Diesel fumes roil up from trucks ferrying construction materials to the mammoth building rising in Ellabell, Georgia, a half hour west of Savannah. It’s the site of the pending $5.5 billion Hyundai auto assembly plant.
By all appearances, the site could be in Moncure, about 30 minutes south of Raleigh, where VinFast plans its $5 billion electric-vehicle factory.
The two sites are the front lines of the high-stakes economic development struggle as states battle for billions of investment dollars and tens of thousands of jobs.
Not far from the 2,100-acre Triangle Innovation Point megasite, where VinFast says it will someday employ 7,500, is the 1,400-acre Chatham-Siler City Advanced Manufacturing Megasite. Durham-based Wolfspeed says it will invest $5 billion and generate 1,800 jobs at a chip making plant there.
But North Carolina has a tenuous standing in the megasite race. “We have 12 projects we’re pursuing, all with at least $1 billion in capital investment,” says Chris Chung, CEO of the North Carolina Economic Development Partnership. “We only have five megasites now.”
Chung praises Gov. Roy Cooper and Tar Heel legislators for a 2023 budget that includes nearly $100 million for the Megasites Readiness program. It will help expand the state’s inventory of thousand-acre-plus sites from five to seven, and kick in $10 million to help find as many as 15 sites smaller than 1,000 acres.
“We need to work to stay ahead so we don’t find ourselves with nothing to sell and an empty cupboard,” Chung says.
Georgia has eight sites of 1,000 acres or more, A spokeswoman for the Georgia Department of Economic Development says her state places less emphasis on the size of sites than their “shovel-ready” nature, or being ready for prospects to get down to business.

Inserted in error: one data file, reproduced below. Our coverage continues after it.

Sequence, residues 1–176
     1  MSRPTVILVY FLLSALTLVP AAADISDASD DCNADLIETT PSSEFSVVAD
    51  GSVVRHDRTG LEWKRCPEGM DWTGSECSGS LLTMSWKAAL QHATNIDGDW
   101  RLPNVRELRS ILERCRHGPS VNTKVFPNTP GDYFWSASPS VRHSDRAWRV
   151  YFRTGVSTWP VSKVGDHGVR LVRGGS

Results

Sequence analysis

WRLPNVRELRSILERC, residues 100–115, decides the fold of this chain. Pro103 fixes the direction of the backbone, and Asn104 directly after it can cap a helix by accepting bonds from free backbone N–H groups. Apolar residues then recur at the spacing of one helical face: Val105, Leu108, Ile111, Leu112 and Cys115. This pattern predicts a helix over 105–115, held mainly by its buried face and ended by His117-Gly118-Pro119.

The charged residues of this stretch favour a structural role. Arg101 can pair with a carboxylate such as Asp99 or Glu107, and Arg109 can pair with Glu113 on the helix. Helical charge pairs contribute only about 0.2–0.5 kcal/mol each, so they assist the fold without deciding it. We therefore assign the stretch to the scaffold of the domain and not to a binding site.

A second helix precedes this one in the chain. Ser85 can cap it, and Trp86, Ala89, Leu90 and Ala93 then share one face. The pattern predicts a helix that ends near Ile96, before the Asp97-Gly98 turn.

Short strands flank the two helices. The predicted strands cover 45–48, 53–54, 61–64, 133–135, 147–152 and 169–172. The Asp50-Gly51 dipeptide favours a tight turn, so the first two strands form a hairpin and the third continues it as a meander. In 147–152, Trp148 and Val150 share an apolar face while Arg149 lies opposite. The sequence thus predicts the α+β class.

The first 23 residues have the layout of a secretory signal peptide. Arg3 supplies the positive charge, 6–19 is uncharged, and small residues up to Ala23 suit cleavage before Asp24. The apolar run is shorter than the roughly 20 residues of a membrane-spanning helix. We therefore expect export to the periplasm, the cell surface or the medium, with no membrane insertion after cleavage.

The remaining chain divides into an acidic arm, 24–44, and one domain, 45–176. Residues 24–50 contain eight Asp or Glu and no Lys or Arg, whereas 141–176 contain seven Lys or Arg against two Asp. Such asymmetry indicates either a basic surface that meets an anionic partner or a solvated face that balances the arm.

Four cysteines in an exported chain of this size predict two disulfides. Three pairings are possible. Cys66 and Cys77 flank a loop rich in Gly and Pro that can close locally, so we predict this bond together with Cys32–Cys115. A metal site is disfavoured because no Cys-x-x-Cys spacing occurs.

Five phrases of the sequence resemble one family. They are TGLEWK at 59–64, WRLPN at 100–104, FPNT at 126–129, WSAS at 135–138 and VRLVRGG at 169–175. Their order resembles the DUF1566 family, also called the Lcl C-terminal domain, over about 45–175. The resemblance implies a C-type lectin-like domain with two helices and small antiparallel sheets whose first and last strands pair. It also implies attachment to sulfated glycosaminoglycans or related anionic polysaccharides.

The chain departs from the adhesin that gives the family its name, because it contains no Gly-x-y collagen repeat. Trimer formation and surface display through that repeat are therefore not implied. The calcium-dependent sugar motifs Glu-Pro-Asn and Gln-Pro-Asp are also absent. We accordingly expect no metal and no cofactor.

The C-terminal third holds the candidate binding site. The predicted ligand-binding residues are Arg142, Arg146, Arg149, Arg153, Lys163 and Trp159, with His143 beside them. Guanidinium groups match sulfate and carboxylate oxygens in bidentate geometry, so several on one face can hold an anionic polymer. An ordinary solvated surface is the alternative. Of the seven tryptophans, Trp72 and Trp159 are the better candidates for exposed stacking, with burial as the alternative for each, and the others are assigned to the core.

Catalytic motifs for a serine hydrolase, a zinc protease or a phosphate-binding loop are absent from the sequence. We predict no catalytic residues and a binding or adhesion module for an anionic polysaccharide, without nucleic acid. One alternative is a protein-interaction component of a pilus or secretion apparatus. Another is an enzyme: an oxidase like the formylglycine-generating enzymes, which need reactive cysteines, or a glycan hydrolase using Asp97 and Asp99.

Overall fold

Chung says acreage is often less important than availability of rail and highway access, topography and an available labor force. He and Adam Bruns, editor of Site Selection magazine, say megasites now dominate how states battle for projects. That’s particularly true for electric vehicles and their batteries, which have shattered investment and job-creation records in recent years.
Plants announced for North Carolina, Georgia, Tennessee, South Carolina and Kentucky in the past five years will create $83 billion in investments and 95,000 jobs, Standard & Poor’s reports. That amounts to two-thirds of the national total, compared with 25% for Midwestern states.
Megasites don’t come easily, with development costs of as much as $100 million, Chung says. Sites such as a 1,300-acre Person County project offers electricity from two utilities and a large water supply, and the 1040-acre International Logistics Park near Wilmington, with access to the state’s main port 18 miles away, require lots of money with no guarantee of a return.
States rarely luck into what developers call brownfield sites, such as the 2,100-acre former Philip Morris campus in Concord. Alevo Group, a now-bankrupt Swiss auto-battery maker, paid nearly $70 million for it in 2014. It is now owned by a private investment group, which has landed a $740 million Red Bull beverage bottling plant, and $1 billion Eli Lilly & Co., plant that is under construction.
Chung says the state’s universities and community colleges frequently partner with megasite developers to let potential prospects know tailored training is available. For more than a year prior to Toyota’s announcement of its 2021 battery plant, N.C. A&T engineering school officials worked secretly to help the company map out training and research. “They were key,” says Randolph County Commission Chair Darrell Frye.
Megasites can cause resentment in rural areas, where residents often complain their concerns are often ignored. Landowners sometimes contend they are underpaid for their property. The VinFast plant is taking about 30 homes, convenience stores and other businesses. The U.S. Supreme Court in 2005 ruled that under eminent domain law, states could seize private land for industrial parks that would benefit the public.
Chung is optimistic about North Carolina’s position in the megasite race. “Companies like Toyota are looking not only for sites, but skilled workforces, training, clean energy and with a competitive rate structure,” he says. “We won’t win every deal, but we’ll almost always
be in the conversation.” ■